Some 36% of aid is spent through other departments who have direct responsibility for that portion of budget. Kate Osamor, the shadow international development secretary, called for all government departments to publish aid-related data . Osamor said: This alarming case raises yet more urgent questions about how the National Security Council is deploying the CSSF to spend aid money that should be earmarked to help the world s poorest.

The government needs to come clean on how they are spending aid money through other departments, and make sure these other departments quickly get themselves up to DfID s level of aid transparency . In this day and age, every government department should be publishing data for all aid-financed programmes, and not hiding behind the excuse of national security . The NSC should publish their country strategies, open up the CSSF to scrutiny, and tell the public whether or not our aid is being spent on detaining juveniles.

Members of the Egyptian police special forces guard Cairo s Tahrir Square on the fifth anniversary of the Arab spring uprising . Photograph: Mohamed El-Shahed/AFP/Getty Images

In a recent briefing, the FCO reported that the human rights situation in Egypt continues to deteriorate with reports of torture, police brutality and enforced disappearance5. In a statement, a spokesman for the FCO said: The UK is committed to working with Egypt to support political and economic reform, and we encourage the Egyptian government to deliver on its international and domestic human rights commitments . But it is not good enough to merely criticise other countries from the sidelines . We have to work with Egypt to encourage change .

All projects carried out by the UK government comply with the UK s domestic and international human rights obligations.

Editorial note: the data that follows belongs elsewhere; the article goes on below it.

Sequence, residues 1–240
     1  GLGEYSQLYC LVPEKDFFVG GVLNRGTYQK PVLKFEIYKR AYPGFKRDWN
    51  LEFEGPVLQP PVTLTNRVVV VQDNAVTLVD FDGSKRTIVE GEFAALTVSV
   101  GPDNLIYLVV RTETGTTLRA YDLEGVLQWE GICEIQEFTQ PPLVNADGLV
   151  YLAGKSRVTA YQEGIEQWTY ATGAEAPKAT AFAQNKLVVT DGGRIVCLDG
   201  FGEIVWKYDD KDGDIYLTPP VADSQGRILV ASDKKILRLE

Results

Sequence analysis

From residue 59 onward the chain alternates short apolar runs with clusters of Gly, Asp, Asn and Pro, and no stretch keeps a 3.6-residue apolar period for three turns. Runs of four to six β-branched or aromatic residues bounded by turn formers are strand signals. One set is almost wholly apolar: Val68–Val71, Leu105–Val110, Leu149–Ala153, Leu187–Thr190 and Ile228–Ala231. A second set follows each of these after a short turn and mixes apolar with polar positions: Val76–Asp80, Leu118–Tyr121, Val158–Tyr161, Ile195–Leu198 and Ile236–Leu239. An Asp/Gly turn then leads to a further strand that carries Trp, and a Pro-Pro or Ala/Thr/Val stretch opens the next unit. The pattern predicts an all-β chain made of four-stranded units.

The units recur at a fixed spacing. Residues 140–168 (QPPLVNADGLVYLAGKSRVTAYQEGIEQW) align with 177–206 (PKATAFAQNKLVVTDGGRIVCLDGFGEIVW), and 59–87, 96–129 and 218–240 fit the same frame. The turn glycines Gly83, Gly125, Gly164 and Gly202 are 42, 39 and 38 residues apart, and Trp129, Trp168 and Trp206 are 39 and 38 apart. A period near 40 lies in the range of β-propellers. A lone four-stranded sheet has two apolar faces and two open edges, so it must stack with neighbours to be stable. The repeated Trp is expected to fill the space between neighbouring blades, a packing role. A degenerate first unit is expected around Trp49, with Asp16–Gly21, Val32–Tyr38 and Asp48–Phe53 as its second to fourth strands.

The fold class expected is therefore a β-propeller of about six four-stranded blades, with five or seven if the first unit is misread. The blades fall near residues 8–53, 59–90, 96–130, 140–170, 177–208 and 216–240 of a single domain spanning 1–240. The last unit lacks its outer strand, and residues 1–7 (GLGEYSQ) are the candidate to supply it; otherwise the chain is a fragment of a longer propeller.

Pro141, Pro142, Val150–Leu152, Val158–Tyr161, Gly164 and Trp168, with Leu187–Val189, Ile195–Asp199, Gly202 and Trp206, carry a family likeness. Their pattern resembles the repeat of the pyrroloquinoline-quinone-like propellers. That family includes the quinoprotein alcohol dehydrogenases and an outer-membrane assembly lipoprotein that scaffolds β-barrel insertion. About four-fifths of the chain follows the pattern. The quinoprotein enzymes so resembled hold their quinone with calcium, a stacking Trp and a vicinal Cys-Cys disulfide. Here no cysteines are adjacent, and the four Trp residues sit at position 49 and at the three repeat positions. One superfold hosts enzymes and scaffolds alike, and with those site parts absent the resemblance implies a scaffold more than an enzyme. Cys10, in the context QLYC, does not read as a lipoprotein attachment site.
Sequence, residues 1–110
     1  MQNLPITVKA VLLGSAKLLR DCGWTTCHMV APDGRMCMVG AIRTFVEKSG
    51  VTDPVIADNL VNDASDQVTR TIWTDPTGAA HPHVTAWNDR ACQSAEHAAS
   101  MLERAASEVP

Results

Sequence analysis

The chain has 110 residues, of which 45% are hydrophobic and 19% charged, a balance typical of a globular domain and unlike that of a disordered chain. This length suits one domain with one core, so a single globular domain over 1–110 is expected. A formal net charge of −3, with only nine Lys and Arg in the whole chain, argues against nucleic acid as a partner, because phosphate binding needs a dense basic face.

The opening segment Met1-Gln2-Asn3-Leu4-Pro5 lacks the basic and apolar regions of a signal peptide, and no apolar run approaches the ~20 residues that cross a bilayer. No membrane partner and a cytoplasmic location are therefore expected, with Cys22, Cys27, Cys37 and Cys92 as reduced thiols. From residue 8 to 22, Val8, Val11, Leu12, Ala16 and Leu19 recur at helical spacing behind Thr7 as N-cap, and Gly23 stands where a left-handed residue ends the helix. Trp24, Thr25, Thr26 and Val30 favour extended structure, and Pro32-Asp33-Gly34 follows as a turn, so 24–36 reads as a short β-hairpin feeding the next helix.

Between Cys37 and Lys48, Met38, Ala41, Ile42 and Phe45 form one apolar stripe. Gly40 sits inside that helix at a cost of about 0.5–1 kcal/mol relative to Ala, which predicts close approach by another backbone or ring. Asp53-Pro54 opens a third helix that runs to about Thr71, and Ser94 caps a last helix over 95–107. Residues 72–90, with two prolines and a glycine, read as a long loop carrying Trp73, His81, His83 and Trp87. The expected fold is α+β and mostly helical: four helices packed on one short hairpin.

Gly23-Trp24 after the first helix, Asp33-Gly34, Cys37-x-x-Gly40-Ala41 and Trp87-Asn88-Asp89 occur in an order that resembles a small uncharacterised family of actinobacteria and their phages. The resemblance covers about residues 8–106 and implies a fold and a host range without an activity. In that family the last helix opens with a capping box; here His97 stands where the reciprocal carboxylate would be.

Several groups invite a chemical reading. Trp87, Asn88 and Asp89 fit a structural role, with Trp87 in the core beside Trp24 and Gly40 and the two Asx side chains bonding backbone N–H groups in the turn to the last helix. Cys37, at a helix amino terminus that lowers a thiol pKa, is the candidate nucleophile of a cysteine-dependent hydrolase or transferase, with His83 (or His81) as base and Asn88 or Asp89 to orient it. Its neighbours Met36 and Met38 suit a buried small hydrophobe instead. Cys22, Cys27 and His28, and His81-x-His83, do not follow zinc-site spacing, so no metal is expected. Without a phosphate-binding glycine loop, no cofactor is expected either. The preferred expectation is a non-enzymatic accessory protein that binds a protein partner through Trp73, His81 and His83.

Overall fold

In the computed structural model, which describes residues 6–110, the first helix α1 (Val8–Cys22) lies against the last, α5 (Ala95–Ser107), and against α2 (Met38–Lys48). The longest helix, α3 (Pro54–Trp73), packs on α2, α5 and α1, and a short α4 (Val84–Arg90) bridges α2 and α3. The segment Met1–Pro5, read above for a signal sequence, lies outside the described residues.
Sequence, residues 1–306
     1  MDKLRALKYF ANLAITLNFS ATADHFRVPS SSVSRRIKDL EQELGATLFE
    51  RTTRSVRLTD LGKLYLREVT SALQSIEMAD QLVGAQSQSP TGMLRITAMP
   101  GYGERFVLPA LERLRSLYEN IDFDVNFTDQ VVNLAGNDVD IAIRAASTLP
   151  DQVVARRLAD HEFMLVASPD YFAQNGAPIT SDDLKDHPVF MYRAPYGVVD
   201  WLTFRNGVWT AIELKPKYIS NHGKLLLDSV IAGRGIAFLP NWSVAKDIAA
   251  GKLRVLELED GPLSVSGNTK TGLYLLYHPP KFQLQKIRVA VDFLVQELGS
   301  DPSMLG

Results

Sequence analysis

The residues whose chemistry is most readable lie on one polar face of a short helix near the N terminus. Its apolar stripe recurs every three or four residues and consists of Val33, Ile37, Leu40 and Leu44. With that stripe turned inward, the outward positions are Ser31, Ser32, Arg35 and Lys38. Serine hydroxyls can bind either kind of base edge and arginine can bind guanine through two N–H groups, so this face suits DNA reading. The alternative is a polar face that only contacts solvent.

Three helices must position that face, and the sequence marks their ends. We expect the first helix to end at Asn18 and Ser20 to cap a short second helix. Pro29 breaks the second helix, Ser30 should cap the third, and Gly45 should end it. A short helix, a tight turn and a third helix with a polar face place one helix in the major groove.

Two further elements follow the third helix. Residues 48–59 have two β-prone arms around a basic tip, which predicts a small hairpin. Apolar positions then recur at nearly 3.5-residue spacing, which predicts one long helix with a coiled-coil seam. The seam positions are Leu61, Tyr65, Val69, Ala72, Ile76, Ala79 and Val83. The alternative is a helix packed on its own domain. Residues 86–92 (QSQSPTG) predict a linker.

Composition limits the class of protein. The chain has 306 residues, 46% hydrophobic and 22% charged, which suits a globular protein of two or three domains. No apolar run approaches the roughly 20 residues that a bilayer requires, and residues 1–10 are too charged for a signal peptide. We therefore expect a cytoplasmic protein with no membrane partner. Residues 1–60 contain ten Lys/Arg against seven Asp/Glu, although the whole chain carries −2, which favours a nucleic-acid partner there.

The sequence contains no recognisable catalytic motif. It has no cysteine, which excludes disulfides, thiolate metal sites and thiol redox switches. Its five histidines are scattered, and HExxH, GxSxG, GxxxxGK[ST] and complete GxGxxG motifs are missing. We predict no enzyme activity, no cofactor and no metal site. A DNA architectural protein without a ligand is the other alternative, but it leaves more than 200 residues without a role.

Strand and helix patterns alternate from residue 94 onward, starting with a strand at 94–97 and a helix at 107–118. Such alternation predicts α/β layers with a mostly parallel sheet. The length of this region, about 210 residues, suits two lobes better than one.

The statement said the CSSF was working with the International Aid Transparency6 Initiative to ensure they meet standards.


  1. ^ Egypt s security forces under fire (
  2. ^ criticised the secrecy (
  3. ^ at a Cairo mosque in 2013 (
  4. ^ he told the Guardian (
  5. ^ reports of torture, police brutality and enforced disappearance (
  6. ^ Transparency (

Can the security community grow up?

Can The Security Community Grow Up?

Mahendra Ramsinghani is the founder of Secure Octane1, a Silicon Valley-based cybersecurity seed fund.

More posts by this contributor:

As the times change, the security community needs to adapt.

We live in an imperfect world, as Alex Stamos2, Chief Information Security Officer of Facebook pointed out in his recent BlackHat 2017 keynote address . Instead of trying to punish each other, hackers and innovators need to work closely to ensure a higher order.

Other security thought leaders have echoed similar sentiments.

Amit Yoran3, former President of RSA and now CEO of Tenable Networks4 says, Fear just doesn t cut it . We need to be adults and earn trust.

Refreshingly, security thought leaders are driving cultural change from the top . Besides technological innovation, we are beginning to see changes in sales, diversity and culture . We are growing up, albeit slowly.

Product Innovation, Garbage and Lies

Ping Li, 5Partner at Accel Ventures reminded me that we are still in early innings of a long game . The security sector is evolving rapidly and we are still developing a common nomenclature, a lingua franca for our business . Visibility into systems, managing patches, vulnerabilities and security workflows are still being accomplished with rudimentary tools, Lu said.

Newcomers like Corelight6 (backed by Accel), Awake Networks7 (backed by Greylock Ventures) and EastWind Networks8 (backed by Signal Peak Ventures) are innovating on visibility of traffic and threats . In data security, ThinAir9 and Onapsis10 (securing ERP systems) have carved out an interesting niche in the market while Pwnie Express11 is positioning itself to win the IoT / ICS security market.